Galway City Council should be rightly encouraged by the results of the city’s first entry in the Tidy Towns competition, which has awarded the city centre a respectable 263 out of a possible 400 points. Killarney, which was named as the outright winner, scored 340 points.
The Tidy Towns report praised the city’s conservation policy in relation to the built environment, singling out the Courthouse, AIB Lynch’s Castle, St Nicholas’ Collegiate Church, Town Hall Theatre, the “splendid” Cathedral and St Joseph’s on Presentation road. The adjudicator also said it was nice to see the use of bilingual signs on the shop fronts. They highlighted Eyre Square as an example of the fantastic landscaping and also praised the nice open spaces with well-manicured grass areas and garden seating to relax, in particular the one on the way into the Rowing Club.
The adjudicator said that most of the city centre was “very well presented and spotlessly clean” and praised the efforts to keep the city tidy. However, as always there are reasons to be cautious and Galway City Council should heed its own advice to look to build on the first year’s work to progress further in the Tidy Towns Competition in coming years.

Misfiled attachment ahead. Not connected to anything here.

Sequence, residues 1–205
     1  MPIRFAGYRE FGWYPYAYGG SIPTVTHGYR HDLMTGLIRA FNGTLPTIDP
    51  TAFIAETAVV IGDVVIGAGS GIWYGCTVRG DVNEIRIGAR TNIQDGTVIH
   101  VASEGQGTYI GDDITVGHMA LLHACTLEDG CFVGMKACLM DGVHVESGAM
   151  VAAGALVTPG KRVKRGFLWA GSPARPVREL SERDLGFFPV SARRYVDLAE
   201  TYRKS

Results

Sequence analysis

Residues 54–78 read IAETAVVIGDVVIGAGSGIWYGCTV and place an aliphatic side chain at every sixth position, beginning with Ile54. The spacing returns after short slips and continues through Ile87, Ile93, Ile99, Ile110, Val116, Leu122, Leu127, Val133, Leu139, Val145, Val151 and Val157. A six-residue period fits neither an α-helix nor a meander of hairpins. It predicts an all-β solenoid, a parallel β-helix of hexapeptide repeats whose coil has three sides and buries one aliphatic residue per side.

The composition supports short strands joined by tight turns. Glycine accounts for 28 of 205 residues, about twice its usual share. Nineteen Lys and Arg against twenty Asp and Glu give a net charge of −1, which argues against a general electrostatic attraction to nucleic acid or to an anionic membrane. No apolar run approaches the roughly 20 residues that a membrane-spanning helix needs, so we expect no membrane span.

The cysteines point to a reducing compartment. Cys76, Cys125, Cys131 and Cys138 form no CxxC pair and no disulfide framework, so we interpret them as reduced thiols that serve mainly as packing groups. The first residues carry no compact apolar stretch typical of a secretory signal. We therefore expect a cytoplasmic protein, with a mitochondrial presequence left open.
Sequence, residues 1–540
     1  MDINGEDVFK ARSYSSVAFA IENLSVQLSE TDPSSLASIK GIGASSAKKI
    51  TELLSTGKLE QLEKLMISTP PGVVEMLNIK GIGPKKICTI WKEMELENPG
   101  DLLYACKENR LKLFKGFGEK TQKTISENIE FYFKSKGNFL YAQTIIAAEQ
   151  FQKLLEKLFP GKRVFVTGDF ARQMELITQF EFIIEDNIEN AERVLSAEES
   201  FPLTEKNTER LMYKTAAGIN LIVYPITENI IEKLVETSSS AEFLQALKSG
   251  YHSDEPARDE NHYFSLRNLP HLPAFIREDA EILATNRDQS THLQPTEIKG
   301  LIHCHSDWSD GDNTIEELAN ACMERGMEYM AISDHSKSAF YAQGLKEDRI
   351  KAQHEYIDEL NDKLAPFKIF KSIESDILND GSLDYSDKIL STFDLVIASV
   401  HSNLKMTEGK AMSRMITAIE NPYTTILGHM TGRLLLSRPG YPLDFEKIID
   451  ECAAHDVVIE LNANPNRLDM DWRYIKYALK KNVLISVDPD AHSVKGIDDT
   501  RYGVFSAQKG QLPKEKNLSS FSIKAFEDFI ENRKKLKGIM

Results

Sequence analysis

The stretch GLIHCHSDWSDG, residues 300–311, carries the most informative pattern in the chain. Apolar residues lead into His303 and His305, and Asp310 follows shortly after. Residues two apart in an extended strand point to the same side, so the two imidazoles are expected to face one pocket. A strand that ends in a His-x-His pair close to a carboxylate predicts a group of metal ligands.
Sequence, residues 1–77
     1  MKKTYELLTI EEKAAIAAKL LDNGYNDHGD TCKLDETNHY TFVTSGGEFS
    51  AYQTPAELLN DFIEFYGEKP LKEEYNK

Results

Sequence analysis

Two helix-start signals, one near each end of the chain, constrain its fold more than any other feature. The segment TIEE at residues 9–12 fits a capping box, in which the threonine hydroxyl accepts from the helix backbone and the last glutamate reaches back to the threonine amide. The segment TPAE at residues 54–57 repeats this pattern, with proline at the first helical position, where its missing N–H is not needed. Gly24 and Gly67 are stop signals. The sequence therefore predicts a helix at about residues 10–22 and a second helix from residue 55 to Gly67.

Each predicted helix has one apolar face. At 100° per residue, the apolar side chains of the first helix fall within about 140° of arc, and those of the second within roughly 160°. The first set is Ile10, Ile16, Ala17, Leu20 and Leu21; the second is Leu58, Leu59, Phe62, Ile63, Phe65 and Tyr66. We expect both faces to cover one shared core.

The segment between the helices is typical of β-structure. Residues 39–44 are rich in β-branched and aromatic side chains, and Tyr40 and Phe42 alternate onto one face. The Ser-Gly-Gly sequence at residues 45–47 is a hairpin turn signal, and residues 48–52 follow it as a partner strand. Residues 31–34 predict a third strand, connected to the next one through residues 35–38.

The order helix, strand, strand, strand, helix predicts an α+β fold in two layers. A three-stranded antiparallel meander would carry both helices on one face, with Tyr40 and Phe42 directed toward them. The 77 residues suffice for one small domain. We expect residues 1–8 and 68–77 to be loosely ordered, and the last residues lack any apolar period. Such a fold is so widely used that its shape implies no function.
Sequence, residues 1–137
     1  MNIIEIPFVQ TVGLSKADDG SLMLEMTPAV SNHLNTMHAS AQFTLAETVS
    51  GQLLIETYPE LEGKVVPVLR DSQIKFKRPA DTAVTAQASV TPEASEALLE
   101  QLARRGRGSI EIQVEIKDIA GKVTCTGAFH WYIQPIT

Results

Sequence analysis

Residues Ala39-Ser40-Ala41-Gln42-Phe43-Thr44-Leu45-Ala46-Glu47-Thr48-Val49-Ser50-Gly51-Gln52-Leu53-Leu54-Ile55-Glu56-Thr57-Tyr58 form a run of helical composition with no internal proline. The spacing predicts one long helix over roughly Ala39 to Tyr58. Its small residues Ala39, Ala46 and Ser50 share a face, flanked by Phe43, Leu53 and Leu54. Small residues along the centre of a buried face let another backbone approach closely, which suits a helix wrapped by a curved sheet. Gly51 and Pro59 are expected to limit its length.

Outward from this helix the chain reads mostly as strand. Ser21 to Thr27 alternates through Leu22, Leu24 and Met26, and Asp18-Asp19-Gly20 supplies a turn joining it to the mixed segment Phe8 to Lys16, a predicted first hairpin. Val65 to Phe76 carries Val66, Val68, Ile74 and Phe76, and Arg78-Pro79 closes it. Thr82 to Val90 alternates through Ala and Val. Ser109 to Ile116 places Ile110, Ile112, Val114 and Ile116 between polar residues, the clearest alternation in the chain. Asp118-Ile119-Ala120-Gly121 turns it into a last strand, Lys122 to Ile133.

While they pointed out that there were numerous well-serviced litterbins around the city, it found that cigarette butts ended up on the streets for the most part, notably around Shop Street. It also identified something that we have known for years now, that the city faces a continuous struggle in its fight against graffiti and the council will have to examine new ways to make sure that this is stamped out.
Unsightly hoarding around the town has probably been exacerbated by the economic downturn and the council will also have to look at imaginative ways of addressing this growing problem. This paper’s bugbear is the proliferation of weeds, which was also identified in the report, with the adjudicator saying they were surprised to find weeds growing in the gutters of a few shops along Abbeygate Street with the yellow flowered noxious ragwort amongst them.
Galway City Council and The Galway City Centre Tidy Towns Committee are to be congratulated for a valiant first foray into the Tidy Towns competition. They have made great strides; they must now keep that momentum going. 263 out of 400 ain’t bad, but we have some way to go yet.